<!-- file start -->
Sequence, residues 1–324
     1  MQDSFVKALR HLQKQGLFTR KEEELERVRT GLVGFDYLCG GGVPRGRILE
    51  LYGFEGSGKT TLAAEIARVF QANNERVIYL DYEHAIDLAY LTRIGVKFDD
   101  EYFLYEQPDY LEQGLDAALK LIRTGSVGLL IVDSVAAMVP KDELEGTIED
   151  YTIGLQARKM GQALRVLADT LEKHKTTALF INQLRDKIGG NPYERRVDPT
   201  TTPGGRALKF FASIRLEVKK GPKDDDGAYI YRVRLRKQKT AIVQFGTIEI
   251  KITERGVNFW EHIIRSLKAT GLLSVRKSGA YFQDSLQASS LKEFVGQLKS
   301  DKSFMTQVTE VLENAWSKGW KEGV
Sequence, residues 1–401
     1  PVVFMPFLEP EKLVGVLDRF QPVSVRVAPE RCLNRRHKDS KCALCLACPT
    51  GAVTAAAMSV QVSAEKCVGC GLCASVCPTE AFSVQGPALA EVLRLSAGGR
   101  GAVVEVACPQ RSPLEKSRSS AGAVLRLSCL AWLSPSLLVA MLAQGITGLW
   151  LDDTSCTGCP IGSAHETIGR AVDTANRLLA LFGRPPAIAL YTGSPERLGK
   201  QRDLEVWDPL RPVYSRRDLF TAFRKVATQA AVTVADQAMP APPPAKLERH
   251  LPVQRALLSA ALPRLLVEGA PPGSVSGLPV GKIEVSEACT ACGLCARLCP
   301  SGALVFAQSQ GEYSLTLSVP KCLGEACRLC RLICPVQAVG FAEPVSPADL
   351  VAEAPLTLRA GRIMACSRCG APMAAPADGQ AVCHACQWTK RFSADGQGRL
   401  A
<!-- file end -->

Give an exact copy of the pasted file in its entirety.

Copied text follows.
Sequence, residues 1–324
     1  MQDSFVKALR HLQKQGLFTR KEEELERVRT GLVGFDYLCG GGVPRGRILE
    51  LYGFEGSGKT TLAAEIARVF QANNERVIYL DYEHAIDLAY LTRIGVKFDD
   101  EYFLYEQPDY LEQGLDAALK LIRTGSVGLL IVDSVAAMVP KDELEGTIED
   151  YTIGLQARKM GQALRVLADT LEKHKTTALF INQLRDKIGG NPYERRVDPT
   201  TTPGGRALKF FASIRLEVKK GPKDDDGAYI YRVRLRKQKT AIVQFGTIEI
   251  KITERGVNFW EHIIRSLKAT GLLSVRKSGA YFQDSLQASS LKEFVGQLKS
   301  DKSFMTQVTE VLENAWSKGW KEGV
Sequence, residues 1–401
     1  PVVFMPFLEP EKLVGVLDRF QPVSVRVAPE RCLNRRHKDS KCALCLACPT
    51  GAVTAAAMSV QVSAEKCVGC GLCASVCPTE AFSVQGPALA EVLRLSAGGR
   101  GAVVEVACPQ RSPLEKSRSS AGAVLRLSCL AWLSPSLLVA MLAQGITGLW
   151  LDDTSCTGCP IGSAHETIGR AVDTANRLLA LFGRPPAIAL YTGSPERLGK
   201  QRDLEVWDPL RPVYSRRDLF TAFRKVATQA AVTVADQAMP APPPAKLERH
   251  LPVQRALLSA ALPRLLVEGA PPGSVSGLPV GKIEVSEACT ACGLCARLCP
   301  SGALVFAQSQ GEYSLTLSVP KCLGEACRLC RLICPVQAVG FAEPVSPADL
   351  VAEAPLTLRA GRIMACSRCG APMAAPADGQ AVCHACQWTK RFSADGQGRL
   401  A